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Q: My 100-year-old mother has a Limoges tray and some cups. The tray is marked “Made in France, Hand Painted” and with conjoined script initials “CA.” It must have broken on the edge and was repaired. The cups are marked “Made in France” and “Limoges” and also have the initials “CA.” Is there any value to this set?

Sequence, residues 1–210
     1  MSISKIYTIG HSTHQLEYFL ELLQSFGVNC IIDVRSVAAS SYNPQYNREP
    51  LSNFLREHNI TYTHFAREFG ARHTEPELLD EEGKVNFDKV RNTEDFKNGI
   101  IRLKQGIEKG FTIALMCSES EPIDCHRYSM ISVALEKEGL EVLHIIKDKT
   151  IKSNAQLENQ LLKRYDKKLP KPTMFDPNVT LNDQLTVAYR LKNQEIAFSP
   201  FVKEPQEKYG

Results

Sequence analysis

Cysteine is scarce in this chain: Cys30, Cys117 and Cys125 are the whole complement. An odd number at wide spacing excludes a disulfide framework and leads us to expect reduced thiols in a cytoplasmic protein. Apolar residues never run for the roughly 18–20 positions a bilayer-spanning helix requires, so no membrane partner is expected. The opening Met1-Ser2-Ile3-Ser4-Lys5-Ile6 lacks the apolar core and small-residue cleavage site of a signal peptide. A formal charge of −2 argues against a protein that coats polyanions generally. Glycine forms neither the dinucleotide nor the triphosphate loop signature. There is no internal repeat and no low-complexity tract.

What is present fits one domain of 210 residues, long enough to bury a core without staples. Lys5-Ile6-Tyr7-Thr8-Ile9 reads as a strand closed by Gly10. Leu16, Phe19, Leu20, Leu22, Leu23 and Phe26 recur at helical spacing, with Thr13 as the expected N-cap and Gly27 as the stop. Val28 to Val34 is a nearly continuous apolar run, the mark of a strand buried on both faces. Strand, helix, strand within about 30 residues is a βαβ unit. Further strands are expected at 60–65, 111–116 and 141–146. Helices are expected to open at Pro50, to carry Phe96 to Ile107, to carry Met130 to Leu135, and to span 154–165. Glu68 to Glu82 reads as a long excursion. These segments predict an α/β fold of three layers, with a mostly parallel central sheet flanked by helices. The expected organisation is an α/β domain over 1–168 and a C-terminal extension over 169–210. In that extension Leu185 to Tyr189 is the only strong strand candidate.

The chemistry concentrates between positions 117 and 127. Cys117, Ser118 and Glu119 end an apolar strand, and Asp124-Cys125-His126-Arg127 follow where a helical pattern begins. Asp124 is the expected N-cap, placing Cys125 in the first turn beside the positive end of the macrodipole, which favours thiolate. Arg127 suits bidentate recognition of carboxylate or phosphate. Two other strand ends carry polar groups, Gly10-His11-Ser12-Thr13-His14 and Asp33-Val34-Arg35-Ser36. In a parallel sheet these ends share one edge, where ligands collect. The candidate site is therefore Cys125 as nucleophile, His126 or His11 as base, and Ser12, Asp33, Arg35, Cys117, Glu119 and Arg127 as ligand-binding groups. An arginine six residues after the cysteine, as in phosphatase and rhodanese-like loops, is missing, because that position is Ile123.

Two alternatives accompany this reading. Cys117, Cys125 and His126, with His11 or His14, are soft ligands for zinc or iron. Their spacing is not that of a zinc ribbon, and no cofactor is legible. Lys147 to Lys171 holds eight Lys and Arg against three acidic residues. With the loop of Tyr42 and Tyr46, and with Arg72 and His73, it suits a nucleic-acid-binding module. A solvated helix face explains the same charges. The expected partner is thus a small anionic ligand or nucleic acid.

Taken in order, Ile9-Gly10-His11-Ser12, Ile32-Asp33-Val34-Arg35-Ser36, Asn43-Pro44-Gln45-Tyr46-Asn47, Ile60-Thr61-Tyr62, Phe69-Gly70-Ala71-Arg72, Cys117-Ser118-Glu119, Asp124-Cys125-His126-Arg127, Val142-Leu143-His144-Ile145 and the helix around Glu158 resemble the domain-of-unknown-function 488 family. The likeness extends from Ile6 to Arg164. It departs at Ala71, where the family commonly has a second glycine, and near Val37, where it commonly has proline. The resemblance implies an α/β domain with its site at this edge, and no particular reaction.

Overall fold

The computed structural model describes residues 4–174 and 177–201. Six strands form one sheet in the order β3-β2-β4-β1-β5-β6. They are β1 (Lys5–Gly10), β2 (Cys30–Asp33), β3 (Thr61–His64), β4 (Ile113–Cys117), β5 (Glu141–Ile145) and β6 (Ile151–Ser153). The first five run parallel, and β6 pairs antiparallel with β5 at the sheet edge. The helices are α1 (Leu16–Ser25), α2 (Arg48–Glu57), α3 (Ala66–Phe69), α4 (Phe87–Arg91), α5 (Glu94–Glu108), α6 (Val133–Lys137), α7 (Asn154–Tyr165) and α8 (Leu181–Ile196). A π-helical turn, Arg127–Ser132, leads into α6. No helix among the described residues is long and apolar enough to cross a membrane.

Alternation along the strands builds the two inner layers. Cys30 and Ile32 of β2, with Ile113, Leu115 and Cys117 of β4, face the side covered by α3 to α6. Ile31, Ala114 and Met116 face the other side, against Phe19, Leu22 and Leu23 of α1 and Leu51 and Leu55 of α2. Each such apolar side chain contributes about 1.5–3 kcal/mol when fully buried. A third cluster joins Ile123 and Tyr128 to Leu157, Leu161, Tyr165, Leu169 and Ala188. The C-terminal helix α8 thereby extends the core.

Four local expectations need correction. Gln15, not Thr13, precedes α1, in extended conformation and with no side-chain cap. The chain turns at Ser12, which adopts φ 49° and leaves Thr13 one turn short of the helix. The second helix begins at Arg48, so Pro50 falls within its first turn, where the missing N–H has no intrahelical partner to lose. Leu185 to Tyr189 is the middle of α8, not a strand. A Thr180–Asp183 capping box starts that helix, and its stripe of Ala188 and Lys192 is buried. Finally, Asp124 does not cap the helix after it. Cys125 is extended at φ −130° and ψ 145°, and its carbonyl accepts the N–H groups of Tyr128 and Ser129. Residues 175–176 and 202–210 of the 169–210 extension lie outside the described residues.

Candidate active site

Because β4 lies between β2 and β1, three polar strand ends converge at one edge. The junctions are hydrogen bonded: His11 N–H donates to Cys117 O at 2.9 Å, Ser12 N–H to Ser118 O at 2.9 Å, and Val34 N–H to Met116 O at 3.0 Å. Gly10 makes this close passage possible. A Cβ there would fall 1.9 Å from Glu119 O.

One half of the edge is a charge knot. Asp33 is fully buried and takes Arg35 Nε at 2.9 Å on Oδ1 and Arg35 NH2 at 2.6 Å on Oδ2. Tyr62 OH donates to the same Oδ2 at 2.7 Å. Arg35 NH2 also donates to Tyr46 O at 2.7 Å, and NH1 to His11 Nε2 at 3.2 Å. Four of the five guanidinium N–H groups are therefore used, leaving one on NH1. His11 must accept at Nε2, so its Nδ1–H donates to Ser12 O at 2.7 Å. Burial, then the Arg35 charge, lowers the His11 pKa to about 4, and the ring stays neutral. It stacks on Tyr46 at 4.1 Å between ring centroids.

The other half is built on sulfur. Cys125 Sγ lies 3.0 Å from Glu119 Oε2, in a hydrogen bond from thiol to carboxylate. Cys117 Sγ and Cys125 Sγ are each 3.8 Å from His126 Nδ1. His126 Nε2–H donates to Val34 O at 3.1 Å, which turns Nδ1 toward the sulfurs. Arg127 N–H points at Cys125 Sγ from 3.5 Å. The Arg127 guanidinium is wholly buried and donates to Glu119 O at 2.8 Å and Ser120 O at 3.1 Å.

A: These “cups” are called pots de creme, little pots that hold a dessert made with cream or milk, egg yolks, sugar, and (usually) chocolate. Limoges porcelain has been made by several factories in Limoges, France, since the mid-1800s. The script initials “CA” are a mark used by Charles Ahrenfeldt & Son, a company that had a porcelain factory in Limoges about 1884. Charles Ahrenfeldt also had a porcelain decorating shop in Altrohlau, Bohemia (now Stara Role, Czech Republic), and an importing business in New York City. The conjoined initials mark was registered in 1909 and used on white porcelain. The company was in business until at least 1910. The value of the set, pots and tray, is reduced because of the damage. If perfect, it might sell for $50 to $100.



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